European Commission has published on its website a summary of the implementation of EU restrictive measures against Russia in relation to Ukraine (since 2014).

Regulation 833/2014 suspended broadcasting and licences of several media spreading disinformation in the EU. Restrictive measures against Sputnik and Russia Today (together with their subsidiaries such as RT English, RT Germany, RT France and RT Spanish) have been in place since 2 March 2022. Restrictions on other entities have been introduced from June 2022 (Rossiya RTR/RTR Planeta, Rossiya 24/Russia 24 and TV Centre International) and from December 2022 (Rossiya 1, NTV/NTV Mir, REN TV and Pervyi Kanal) and from 10 April 2023 (RT Arabic, Sputnik Arabic). The restrictive measures apply to all means of transmission and distribution in EU Member States, including cable and satellite television, internet protocol television, online platforms, websites and apps. In compliance with the Charter of Fundamental Rights, these measures do not prevent these media and their staff from carrying out activities other than broadcasting, such as research and interviews in the EU.

Following the extension of Regulation 833/2014 of 1 March 2022, which now for the first time included restrictive measures against the dissemination of disinformation, the Body of European Regulators for Electronic Communications BEREC published a statement on 11 March 2022 (the "Statement").

In connection with the blocking of content pursuant to Regulation 833/2014, CTU is empowered under Electronic Communications Act to supervise compliance with the obligations arising from the Regulation (net neutrality), and pursuant to Section 15 of the Act No. 69/2006 Coll., on the Implementation of International Sanctions, as amended to supervise compliance with the obligations arising from Regulation 833/2014. On the other hand, CTU is not authorized to issue any lists of specific sites to block.

National legislation

In the Czech Republic, certain laws also impose obligations on providers of internet access services to prevent access to some websites. These laws also fall within the exceptions under Article 3(3)(a) of the Regulation. As of 1 October 2022, these laws were:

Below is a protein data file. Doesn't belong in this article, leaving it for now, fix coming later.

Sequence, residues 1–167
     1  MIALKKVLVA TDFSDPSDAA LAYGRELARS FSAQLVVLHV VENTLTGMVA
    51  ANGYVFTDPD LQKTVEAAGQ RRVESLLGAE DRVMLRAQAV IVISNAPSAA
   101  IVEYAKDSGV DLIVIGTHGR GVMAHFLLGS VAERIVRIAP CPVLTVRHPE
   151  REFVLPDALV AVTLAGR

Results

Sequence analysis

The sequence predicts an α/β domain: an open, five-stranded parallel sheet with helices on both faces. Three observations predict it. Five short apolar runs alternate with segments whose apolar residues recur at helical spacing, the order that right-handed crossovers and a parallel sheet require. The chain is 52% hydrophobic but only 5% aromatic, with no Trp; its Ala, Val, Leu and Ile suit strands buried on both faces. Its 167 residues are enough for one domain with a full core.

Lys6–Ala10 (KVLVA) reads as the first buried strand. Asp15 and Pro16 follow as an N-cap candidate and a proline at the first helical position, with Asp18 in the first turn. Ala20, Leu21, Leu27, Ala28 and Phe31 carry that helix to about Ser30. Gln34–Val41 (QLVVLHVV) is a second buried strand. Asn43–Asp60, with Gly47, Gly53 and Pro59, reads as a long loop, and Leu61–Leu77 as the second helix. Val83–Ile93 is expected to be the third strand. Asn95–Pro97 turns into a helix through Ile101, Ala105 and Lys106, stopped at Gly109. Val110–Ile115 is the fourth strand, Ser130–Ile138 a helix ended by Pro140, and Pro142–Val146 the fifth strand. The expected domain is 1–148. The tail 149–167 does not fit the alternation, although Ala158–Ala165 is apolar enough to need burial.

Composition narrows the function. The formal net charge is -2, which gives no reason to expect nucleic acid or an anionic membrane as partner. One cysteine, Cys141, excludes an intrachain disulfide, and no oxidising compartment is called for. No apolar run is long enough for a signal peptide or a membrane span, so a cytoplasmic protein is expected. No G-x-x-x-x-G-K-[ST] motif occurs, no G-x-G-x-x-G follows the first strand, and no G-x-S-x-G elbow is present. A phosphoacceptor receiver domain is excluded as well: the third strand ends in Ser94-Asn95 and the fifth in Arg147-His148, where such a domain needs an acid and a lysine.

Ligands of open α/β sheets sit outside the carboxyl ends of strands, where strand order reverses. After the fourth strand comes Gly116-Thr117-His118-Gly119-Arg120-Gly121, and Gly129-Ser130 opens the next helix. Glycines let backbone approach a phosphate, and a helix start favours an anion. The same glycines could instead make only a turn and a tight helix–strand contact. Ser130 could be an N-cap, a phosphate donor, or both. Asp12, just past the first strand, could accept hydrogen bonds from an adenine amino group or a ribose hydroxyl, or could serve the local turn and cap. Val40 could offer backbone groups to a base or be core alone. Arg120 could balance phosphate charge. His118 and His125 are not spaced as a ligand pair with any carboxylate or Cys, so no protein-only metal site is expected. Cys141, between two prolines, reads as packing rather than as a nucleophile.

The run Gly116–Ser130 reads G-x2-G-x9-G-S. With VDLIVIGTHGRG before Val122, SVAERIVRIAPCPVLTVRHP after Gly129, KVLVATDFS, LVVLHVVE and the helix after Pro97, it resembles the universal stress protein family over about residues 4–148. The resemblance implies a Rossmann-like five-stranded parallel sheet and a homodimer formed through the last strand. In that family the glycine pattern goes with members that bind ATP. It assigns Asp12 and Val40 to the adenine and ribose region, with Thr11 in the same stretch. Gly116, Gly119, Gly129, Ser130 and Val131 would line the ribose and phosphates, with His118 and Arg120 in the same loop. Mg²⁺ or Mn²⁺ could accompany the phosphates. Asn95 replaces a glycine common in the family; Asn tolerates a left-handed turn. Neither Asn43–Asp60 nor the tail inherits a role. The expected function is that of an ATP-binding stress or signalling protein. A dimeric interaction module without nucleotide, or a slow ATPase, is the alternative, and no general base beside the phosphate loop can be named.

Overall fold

• Act No. 186/2016 Coll., on Gambling, as amended (List of illegal internet games here)
  • Act No. 378/2007 Coll., on Medicinal Products and on Amendments to Certain Related Acts (List of websites with illegal offer of medicinal products here, List of website with illegal veterinary medicine products here)
  • Act No. 146/2002 Coll., on the Czech Agriculture and Food Inspection Authority and on amendments to certain related acts, as amended (List of blocked websites here).


For technical implementation of blocking, CTU refers to the use of the procedure under the Gambling Act, specifically to the Methodology of Department 34 - State Gambling Supervision issued to implement Act No. 186/2016 Coll., on Gambling, which is one of the possible ways to block access to specific content.

CTU’s Reports on the results of monitoring compliance with Regulation (EU) 2015/2120

Czech Telecommunication Office as the national regulator for electronic communications in the Czech Republic issues annual reports in accordance with the Article 5 (1) Regulation (EU) 2015/2120 concerning the results of monitoring compliance for the period from May 1 to April 30 of the following year.

The report respects BEREC Guidelines on implementation of European net neutrality rules by NRA’s (especially points 182 and 183). The published assessment is based on updated and evaluated information. The report is submitted to the European Commission and BEREC.